Context: The role of vitamin D in the development of type 1 diabetes (T1D) remains controversial.
Objective: The objective of the investigation was to study whether there are detectable differences in serum 25-hydroxyvitamin D (25[OH]D) concentrations between children who later progressed to T1D (cases) and matched children who remained nondiabetic and negative for islet autoantibodies (controls) when followed up from birth until disease onset.
Design: A total of 3702 prospective serum samples from 252 children were measured for 25(OH)D from the age of 3 months onward using an enzyme immunoassay. Differences between the groups were compared by the mixed-model analysis of variance.
Setting: T1D prediction and prevention study clinics in Turku, Oulu, and Tampere University Hospitals, Finland, participated in the study.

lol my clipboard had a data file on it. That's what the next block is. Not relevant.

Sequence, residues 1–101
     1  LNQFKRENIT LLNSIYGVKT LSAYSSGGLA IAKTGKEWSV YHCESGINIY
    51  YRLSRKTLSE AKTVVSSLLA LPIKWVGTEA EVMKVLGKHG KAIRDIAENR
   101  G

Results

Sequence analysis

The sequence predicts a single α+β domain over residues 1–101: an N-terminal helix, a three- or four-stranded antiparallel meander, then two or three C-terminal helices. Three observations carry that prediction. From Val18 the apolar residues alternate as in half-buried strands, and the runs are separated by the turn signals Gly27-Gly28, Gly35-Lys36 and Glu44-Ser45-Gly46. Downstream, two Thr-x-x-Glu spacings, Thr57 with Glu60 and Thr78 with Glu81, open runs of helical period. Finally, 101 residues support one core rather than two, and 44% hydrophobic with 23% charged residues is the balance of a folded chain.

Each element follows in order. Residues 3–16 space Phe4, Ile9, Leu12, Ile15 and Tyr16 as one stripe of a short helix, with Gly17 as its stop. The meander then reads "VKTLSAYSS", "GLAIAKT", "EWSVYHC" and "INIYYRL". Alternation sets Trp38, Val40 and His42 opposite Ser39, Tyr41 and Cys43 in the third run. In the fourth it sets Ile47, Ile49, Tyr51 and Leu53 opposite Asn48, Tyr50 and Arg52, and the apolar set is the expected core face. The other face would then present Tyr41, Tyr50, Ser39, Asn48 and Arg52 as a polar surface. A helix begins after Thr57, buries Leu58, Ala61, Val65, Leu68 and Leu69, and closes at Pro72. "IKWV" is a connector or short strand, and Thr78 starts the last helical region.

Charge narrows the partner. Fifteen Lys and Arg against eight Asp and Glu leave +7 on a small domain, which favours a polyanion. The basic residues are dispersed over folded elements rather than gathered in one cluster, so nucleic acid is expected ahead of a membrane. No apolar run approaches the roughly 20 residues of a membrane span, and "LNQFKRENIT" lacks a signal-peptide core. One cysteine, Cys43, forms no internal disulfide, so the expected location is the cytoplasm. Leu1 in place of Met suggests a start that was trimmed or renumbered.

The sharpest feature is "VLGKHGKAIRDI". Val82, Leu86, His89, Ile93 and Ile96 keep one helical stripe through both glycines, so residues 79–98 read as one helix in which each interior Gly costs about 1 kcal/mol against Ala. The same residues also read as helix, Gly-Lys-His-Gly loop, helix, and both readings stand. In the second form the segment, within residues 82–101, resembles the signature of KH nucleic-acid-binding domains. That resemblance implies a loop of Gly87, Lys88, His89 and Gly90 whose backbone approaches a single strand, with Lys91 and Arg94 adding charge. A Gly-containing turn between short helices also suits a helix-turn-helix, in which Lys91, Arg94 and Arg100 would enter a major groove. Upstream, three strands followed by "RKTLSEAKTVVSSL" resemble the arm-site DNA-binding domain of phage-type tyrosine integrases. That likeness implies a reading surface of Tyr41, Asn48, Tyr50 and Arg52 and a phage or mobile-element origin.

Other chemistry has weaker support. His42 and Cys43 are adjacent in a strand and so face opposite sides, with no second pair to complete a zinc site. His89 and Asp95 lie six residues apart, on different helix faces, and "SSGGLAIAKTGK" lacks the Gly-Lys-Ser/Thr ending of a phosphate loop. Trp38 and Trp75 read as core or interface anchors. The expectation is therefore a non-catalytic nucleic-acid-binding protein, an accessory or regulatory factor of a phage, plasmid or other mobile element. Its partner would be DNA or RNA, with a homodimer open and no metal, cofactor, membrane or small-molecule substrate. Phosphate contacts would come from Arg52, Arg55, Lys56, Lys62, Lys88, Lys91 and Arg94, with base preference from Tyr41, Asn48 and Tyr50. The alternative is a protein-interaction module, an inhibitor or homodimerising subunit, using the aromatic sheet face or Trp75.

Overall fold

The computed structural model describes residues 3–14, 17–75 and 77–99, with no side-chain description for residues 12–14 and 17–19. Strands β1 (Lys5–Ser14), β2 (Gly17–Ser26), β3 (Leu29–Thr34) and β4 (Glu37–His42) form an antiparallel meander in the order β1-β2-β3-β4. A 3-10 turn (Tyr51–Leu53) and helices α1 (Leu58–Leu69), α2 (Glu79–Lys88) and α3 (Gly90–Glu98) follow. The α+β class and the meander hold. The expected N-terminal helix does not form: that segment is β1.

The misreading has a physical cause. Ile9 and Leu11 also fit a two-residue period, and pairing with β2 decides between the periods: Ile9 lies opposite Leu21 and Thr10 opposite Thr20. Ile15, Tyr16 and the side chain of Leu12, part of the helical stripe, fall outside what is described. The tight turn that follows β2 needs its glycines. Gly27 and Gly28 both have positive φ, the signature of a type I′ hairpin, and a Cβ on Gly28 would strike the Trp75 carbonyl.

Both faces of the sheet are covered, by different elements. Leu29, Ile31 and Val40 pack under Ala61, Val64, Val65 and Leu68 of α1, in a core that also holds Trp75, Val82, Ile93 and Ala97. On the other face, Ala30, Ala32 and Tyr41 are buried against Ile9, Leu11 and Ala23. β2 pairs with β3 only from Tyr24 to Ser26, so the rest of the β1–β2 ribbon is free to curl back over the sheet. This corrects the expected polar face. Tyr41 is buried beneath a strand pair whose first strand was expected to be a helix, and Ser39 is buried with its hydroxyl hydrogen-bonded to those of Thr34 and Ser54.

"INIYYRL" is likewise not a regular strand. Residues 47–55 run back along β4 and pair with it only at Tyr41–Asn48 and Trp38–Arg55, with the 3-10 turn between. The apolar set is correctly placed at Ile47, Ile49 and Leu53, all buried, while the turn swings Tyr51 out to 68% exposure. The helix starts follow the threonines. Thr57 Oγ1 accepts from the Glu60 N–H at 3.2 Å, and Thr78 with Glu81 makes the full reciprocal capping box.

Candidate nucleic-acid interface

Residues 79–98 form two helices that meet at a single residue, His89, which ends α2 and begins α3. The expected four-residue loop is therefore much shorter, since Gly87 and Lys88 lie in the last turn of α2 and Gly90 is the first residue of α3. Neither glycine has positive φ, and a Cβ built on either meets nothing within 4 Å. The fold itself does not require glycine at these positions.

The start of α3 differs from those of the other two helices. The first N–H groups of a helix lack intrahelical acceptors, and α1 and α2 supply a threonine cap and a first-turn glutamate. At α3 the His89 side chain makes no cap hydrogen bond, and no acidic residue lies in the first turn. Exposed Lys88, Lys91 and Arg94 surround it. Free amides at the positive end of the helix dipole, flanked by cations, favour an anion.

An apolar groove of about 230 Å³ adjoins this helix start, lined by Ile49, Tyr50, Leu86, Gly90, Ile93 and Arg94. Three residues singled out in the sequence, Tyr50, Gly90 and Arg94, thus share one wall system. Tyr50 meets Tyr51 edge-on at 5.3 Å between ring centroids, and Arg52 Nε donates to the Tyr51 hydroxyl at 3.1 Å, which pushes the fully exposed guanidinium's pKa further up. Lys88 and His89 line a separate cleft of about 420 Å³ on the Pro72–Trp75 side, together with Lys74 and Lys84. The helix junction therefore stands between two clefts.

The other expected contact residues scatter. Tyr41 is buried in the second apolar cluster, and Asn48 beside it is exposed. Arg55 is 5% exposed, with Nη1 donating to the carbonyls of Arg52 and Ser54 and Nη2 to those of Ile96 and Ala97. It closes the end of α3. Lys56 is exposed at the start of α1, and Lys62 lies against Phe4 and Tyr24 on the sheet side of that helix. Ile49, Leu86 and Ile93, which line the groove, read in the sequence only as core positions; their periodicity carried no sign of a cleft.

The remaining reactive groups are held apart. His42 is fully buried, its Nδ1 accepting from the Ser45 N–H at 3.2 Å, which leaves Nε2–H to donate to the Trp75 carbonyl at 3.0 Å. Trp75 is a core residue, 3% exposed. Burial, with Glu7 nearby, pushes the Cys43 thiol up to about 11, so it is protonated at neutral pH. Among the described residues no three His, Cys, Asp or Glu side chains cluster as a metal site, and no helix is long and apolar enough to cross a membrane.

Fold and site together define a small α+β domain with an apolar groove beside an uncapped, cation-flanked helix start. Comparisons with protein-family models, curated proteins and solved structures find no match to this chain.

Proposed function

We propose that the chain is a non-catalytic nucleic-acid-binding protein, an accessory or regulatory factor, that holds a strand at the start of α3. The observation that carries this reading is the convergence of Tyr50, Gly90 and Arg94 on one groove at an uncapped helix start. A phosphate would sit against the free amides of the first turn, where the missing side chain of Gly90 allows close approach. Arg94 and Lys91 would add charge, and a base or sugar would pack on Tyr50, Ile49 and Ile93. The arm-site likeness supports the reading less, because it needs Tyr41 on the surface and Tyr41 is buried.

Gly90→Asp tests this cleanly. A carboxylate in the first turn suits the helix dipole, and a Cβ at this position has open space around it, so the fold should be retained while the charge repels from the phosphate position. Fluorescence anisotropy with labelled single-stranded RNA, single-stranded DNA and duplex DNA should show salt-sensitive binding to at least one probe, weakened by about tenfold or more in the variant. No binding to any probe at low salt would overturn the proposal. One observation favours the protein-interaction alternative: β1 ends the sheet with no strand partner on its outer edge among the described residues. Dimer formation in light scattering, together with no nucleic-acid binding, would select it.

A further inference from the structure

Participants: By the end of 2012, all 126 case children were diagnosed with T1D. The control children (n = 126) were matched for age, sex, study site, and human leukocyte antigen-HLA-DQ-conferred risk for T1D.
Main outcome measure: Median circulating 25(OH)D concentration (nanomoles per liter) was measured.
Results: The patterns of variation in circulating 25(OH)D concentrations were similar between cases and controls and did not correlate with the age at seroconversion to autoantibody positivity (P = .79) or disease onset (P = .13). The median concentration of all collected samples did not differ between case and control children (66.6 nmol/L [range 14.0-262.8] vs 67.4 nmol/L [range 19.9-213.0]) P = .56).
Conclusions: This study shows that serum 25(OH)D concentrations are not associated with the development of T1D in Finland.